Science & Technology

149 Items

President Barack Obama meets with members of this national security team and cybersecurity advisers.

AP

Analysis & Opinions - Stat

Why President Trump Needs to Finally Name a Science Advisor

| Apr. 05, 2017

"Every president stocks the White House with people who can advise him on the economy, national defense, and foreign relations. And nearly all presidents in modern times have understood that science and technology are so central to all of those top-tier issues — and practically every other issue on the nation’s agenda — that science and technology advice in the White House is no less essential."

Wheat Plantation in northern Sudan, 26 November 2014.

Creative Commons

Analysis & Opinions - Breakthrough

Revolution in Africa

| December 16, 2016

"Sustaining African agricultural transformation will require national policy approaches which emphasize the need to transition toward sustainable agriculture. More specifically, they will need to pursue strategies that allow for the integration of precision agriculture in existing farming methods. Such policies could focus on six key elements: biological diversity; ecology and emerging technologies; infrastructure; research and training; entrepreneurship and regional trade; and improved governance of agricultural innovation."

Analysis & Opinions - Quartz Africa

If We Develop Africa's Bioeconomy It Will Be as Transformative for Us as Digital Has Been

| Dec. 13, 2016

"Unlike the digital revolution that relied on pre-existing technologies, the new bioeconomy will involve more local research, teaching and commercialization. This will require greater involvement of local universities, especially those with an entrepreneurial inclination."

President Barack Obama talks with staff at Massachusetts General Hospital in Boston, Massachusetts on 18 April 2013

White House/CC

Analysis & Opinions - The Boston Globe

Ensuring Boston’s leadership in biomedical research

| November 1, 2016

You don't have to be my age to remember when Route 128 powered the “Massachusetts Miracle” — the regional computer-technology boom created by first-rate science education and visionary entrepreneurship. And you don’t have to be a cancer survivor (as I am) to see in contemporary biomedical research the prospect of miracles in medicine powering a Boston-based biomedical boom.

Book - Oxford University Press

Innovation and Its Enemies: Why People Resist New Technologies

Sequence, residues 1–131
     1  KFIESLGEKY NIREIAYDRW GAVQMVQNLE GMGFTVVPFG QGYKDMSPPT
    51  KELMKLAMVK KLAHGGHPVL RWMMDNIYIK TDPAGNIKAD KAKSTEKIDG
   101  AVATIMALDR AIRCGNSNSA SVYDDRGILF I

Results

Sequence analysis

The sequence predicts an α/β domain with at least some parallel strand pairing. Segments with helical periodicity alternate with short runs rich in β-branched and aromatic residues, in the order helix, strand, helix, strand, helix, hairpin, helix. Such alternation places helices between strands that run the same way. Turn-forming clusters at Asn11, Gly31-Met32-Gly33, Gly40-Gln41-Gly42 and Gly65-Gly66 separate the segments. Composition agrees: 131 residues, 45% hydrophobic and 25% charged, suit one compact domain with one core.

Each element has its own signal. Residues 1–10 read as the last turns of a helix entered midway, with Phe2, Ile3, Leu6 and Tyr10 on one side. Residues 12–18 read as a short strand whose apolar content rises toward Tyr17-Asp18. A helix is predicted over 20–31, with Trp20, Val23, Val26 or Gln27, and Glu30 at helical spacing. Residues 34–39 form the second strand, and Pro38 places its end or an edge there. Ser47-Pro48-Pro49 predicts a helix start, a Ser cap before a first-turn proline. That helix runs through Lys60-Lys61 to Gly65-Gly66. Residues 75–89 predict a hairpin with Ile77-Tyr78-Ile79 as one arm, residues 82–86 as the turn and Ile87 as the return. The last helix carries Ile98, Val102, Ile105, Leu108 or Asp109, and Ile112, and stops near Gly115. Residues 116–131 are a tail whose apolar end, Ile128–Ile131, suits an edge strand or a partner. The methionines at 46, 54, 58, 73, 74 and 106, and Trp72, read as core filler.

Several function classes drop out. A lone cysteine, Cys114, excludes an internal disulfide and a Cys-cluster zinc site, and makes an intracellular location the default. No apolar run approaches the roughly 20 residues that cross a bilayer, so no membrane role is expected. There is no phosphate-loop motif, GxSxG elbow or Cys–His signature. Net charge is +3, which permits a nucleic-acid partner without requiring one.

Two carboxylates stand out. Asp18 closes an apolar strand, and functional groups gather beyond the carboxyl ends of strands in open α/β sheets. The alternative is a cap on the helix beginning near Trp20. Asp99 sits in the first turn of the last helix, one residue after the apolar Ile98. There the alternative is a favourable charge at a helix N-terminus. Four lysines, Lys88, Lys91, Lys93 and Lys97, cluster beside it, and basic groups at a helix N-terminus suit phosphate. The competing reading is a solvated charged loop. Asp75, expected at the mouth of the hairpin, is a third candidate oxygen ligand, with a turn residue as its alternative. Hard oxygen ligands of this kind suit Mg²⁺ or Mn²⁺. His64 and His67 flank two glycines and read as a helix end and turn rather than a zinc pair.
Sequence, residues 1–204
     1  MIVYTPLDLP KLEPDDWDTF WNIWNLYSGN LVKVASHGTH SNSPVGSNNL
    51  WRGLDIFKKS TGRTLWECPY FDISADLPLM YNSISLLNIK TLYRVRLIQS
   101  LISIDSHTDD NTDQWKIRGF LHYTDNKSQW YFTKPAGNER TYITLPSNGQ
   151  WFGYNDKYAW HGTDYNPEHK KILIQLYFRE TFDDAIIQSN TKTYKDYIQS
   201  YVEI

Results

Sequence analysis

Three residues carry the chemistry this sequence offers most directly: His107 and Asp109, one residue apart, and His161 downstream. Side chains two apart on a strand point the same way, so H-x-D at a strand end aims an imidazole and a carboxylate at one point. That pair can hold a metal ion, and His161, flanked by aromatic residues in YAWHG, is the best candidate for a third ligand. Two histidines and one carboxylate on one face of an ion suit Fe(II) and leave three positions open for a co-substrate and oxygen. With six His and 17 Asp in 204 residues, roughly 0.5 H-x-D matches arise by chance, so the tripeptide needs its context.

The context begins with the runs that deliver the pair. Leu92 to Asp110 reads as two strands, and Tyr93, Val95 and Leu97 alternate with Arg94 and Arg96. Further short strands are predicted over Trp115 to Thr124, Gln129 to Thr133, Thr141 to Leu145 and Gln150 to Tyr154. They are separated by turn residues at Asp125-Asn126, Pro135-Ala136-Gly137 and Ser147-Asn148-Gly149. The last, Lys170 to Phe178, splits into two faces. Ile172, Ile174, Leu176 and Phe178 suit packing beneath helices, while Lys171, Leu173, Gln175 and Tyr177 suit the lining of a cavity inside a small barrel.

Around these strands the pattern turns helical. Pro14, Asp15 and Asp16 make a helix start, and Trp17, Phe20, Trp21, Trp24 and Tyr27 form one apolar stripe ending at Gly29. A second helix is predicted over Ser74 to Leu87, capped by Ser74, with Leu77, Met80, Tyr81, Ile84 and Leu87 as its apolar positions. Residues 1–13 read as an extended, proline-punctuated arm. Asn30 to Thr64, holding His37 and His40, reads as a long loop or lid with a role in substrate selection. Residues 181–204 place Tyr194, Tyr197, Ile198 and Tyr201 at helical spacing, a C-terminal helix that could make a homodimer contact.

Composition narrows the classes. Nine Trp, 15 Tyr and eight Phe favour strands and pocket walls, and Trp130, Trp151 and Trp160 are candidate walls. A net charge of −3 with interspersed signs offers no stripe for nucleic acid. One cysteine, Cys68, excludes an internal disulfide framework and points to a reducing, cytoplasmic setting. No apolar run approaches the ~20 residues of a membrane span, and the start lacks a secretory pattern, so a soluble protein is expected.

| July 2016

This book explores the sources and dynamics of social opposition to innovation. It:

  • Explains the roots of resistance to new technologies - and why such resistance is not always futile
  • Draws on nearly 600 years of economic history to show how the balance of winners and losers shapes technological controversies
  • Outlines policy strategies for inclusive innovation to reduce the risks and maximize the benefits of new technologies

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Blog Post - Technology and Policy

Scientists can create malaria-proof mosquitoes – but is the world ready?

| June 10, 2016

The ability to edit the genetic code of organisms is hailed as one of the most profound technological achievements of the last five years. Specific techniques known as “gene drives” can transmit inheritable traits throughout the entire population of an organism. There are several ways by which gene drives can be used to control major diseases such as malaria, which killed nearly 395,000 people in Africa in 2015. One approach is to introduce gene drives that induce sterility in mosquitoes.

Blog Post - Technology and Policy

Statement on Agricultural Biotechnology

| Sep. 30, 2015

My work on agricultural biotechnology for Africa dates to the mid-1980s. My first major publication on the subject in 1989 was entitled The Gene Hunters: Biotechnology and the Scramble for Seeds. This was nearly seven years before the first commercial release of the transgenic crops in North America. The focus of my work has been on identifying technologies that could contribute to sustainable development in Africa. I have advocated policies that seek to reduce the negative consequences of new technologies while maximizing their impacts.